10/01/2010 3:34PM

Tyler Baze plans to return at Santa Anita

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INGLEWOOD, Calif. – Jockey Tyler Baze has ended plans for a comeback in 2010 while he continues to recover from facial injuries suffered at Del Mar in late July, according to his agent, Vic Stauffer.

Baze had hoped to be ready for the start of the Oak Tree at Hollywood Park meeting, which began Thursday, and then postponed his comeback to next weekend. He is now hoping to return for the Santa Anita winter-spring meeting, which begins Dec. 26, Stauffer said.

“The healing process is not progressing as quickly as we had hoped and anticipated,” Stauffer said. “We feel very strongly it is going to end up being a full and complete recovery. It’s on the right track. It’s slower than we anticipated.”

Stauffer said that Baze is still recovering from the eye operation.

“He’s terribly upset,” Stauffer said.

Baze has worked horses in the last week, but the 27-year-old jockey was not ready to return to race riding, his agent said.

Baze suffered facial injuries in an accident at the starting gate at Del Mar on July 24. He was struck by the head of his mount and was hospitalized for a few days after surgery to have a fractured bone stabilized near an eye.

Santiago Reyes serving suspension

Jockey Christian Santiago Reyes began a 10-day suspension Thursday, one of eight time penalties he has amassed since May, and is unlikely to ride again until early January at Santa Anita, according to Hollywood Park stewards Scott Chaney, Kim Sawyer, and Tom Ward.

At the start of the current Oak Tree meeting, Reyes had 66 days of unserved penalties for riding infractions since May and appears to have abandoned appeals of some of those penalties. According to the stewards, Reyes has left the United States for his native Puerto Rico. His agent, Tony Matos, and attorney, Bing Bush, were not available for comment Friday morning.

The champion apprentice jockey of 2009, Reyes has been issued penalties in recent months ranging from two three-day suspensions for causing interference to a 30-day penalty issued earlier this month for “weighing out with a prohibited item in his possession” at Hollywood Park in June. Reyes applied for a stay of that ruling to allow a hearing to be conducted, but the stay was denied by a court, according to Hollywood Park stewards.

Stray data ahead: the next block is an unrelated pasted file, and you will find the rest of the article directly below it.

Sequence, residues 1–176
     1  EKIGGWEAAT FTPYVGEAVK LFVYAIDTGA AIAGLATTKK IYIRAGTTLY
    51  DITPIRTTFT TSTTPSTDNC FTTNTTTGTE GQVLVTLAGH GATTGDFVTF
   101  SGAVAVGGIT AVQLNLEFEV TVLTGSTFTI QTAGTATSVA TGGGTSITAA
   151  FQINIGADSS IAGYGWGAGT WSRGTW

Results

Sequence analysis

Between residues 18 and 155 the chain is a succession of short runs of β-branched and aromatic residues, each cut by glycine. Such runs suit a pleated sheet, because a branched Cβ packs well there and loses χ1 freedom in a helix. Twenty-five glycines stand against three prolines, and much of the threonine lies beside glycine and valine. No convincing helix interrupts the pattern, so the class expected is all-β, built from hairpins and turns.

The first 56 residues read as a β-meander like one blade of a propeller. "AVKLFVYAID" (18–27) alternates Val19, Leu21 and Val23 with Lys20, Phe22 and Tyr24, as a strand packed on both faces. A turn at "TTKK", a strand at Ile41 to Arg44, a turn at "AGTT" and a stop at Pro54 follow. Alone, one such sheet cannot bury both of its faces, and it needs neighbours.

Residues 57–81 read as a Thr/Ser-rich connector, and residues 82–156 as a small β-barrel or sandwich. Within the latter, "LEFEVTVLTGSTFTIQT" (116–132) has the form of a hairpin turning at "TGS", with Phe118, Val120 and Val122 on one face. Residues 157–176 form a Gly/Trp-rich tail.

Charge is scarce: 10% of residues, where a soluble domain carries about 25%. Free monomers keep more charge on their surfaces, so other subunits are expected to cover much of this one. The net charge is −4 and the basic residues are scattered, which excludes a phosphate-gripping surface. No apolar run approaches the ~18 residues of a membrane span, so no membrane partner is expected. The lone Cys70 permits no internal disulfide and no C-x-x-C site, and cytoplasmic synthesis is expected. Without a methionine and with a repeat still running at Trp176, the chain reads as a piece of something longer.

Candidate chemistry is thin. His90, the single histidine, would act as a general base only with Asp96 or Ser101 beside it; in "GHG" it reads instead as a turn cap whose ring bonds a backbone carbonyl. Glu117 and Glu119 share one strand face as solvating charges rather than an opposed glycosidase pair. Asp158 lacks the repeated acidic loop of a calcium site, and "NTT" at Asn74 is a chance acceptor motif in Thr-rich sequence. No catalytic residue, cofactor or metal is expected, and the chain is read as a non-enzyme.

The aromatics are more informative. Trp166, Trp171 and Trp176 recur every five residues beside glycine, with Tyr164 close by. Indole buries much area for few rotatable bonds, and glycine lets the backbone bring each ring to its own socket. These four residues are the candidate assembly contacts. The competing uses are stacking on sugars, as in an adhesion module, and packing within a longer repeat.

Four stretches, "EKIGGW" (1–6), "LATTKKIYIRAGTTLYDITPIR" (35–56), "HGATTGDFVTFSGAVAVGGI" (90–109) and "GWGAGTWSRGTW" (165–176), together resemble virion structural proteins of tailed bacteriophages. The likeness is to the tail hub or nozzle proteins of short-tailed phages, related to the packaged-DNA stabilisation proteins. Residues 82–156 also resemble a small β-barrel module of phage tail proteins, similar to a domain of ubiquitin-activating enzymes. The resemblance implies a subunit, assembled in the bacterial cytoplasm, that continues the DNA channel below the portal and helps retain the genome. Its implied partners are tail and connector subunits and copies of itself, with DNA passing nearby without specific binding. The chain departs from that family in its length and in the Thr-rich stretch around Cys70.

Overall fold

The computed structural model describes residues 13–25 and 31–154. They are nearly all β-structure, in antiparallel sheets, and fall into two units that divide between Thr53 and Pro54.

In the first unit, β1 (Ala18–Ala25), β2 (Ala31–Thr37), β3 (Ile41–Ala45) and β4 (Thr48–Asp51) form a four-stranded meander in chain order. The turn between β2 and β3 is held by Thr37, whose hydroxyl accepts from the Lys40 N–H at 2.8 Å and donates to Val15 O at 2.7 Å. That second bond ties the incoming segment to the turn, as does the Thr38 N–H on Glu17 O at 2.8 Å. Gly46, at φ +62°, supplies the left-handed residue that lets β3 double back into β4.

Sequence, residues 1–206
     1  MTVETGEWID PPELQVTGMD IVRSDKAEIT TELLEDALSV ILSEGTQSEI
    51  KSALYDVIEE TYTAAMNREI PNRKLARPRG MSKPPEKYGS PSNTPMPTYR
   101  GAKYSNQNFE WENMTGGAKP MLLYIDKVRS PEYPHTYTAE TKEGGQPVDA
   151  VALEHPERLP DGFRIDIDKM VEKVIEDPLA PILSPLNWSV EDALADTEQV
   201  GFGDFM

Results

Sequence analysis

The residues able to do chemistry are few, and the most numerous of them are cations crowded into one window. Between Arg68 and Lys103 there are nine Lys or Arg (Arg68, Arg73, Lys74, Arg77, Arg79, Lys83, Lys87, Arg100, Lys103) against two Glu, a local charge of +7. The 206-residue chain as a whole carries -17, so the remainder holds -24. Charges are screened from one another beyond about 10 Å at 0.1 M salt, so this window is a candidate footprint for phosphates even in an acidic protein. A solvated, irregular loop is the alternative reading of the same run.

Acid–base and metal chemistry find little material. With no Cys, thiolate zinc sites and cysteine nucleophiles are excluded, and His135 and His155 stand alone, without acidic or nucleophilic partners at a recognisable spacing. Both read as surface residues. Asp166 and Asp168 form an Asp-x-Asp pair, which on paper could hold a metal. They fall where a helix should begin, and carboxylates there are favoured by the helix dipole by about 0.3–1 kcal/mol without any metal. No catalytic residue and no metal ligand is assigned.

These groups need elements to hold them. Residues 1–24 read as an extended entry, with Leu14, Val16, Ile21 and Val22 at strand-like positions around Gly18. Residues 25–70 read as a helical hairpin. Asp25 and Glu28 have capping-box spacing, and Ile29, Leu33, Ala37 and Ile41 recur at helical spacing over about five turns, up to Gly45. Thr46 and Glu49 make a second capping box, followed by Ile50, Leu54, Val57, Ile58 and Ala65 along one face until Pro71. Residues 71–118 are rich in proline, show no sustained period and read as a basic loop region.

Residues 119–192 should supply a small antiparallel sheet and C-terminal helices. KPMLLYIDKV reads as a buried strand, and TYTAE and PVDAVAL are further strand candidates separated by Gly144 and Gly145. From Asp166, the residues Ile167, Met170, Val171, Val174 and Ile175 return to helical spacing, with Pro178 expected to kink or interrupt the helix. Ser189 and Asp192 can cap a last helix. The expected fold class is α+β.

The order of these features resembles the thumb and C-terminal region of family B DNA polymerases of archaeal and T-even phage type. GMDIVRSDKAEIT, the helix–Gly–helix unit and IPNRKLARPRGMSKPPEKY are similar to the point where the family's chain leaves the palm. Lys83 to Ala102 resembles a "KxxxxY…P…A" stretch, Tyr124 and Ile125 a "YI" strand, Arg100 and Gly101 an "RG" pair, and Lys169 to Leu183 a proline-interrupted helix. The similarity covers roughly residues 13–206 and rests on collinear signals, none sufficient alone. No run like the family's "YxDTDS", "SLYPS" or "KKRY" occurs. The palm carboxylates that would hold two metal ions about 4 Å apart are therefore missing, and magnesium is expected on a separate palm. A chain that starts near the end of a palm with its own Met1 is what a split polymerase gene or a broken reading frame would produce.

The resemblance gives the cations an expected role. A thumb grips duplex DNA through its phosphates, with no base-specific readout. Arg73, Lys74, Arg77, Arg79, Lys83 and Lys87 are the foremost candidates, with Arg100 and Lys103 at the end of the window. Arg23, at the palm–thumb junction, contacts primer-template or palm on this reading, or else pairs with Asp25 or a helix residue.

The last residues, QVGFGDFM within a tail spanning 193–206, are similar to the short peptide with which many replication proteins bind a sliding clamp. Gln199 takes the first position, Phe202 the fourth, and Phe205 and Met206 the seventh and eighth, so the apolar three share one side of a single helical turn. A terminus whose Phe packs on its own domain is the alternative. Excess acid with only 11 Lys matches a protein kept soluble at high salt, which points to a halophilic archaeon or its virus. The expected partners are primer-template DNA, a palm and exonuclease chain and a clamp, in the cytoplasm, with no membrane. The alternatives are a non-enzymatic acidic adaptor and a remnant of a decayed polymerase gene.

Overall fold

It is unclear exactly when Reyes can return to riding, if he plans no further appeals. Last weekend, he was given two suspensions for causing interference at Fairplex Park – a three-day and five-day penalty – which will be served during racing days from Dec. 11-26.

Reyes has not been assigned dates for 13 days of penalties from earlier this year. Reyes appealed a 10-day and three-day penalty from Hollywood Park in May, and had the 10-day penalty reduced to five days by the California Horse Racing Board last month. The board did not alter the three-day penalty. In addition, Reyes has dropped an appeal of a five-day penalty issued at Del Mar, the stewards said.

Hollywood Park stewards indicated the dates of those penalties will stretch into early January of the Santa Anita winter-spring meeting when issued.

Disappointing start to meeting

Thursday’s opening evening program of the Oak Tree at Santa Anita meeting drew disappointing business figures.

On a warm evening, the track drew an ontrack crowd of 4,279 who contributed to an ontrack handle of $666,910. The all-sources handle, including intertrack wagering throughout California and nationwide and account wagering sources, reached $4,524,976.

This is the first time that Hollywood Park has hosted the Oak Tree meeting, which was held at Santa Anita from 1969 to 2009. Last year at Santa Anita, the opening-day attendance on a Wednesday afternoon program was 17,239 and the all-sources handle was $6,590,679.

“I think the crowd was a little disappointing,” said Sherwood Chillingworth, Oak Tree’s executive vice president. “This is an experiment with the Thursday night concerts. We realize that the hardcore people will show up, but not many else.”

The current 22-day meeting runs through Oct. 31. Thursday’s program was the first of six night racing programs in October, which will include Oct. 8, Oct. 21-22, and Oct. 28-29. Each evening program is accompanied by a post-race concert designed to lure customers.

“We are testing the need for night racing,” Chillingworth said. “I think it’s a learning experiment.”

Fun Raiser goes for three in a row

Fund Raiser, who won her second consecutive race in the CERF Stakes at Del Mar on Sept. 8, will try to extend her winning streak in Sunday’s $55,000 Louis Rowan Stakes for fillies and mares.

Trained by Bob Baffert, Fund Raiser is likely to be favored in a field of six that includes the third- and fifth-place finishers of the CERF Stakes – Minute Limit and Mother Ruth. Fund Raiser has drawn the outside post and is likely to stalk the pace.

Minute Limit was entered for Thursday’s Grade 3 Sen. Ken Maddy Handicap but was scratched in favor of the Rowan, which is run over 6 1/2 furlongs.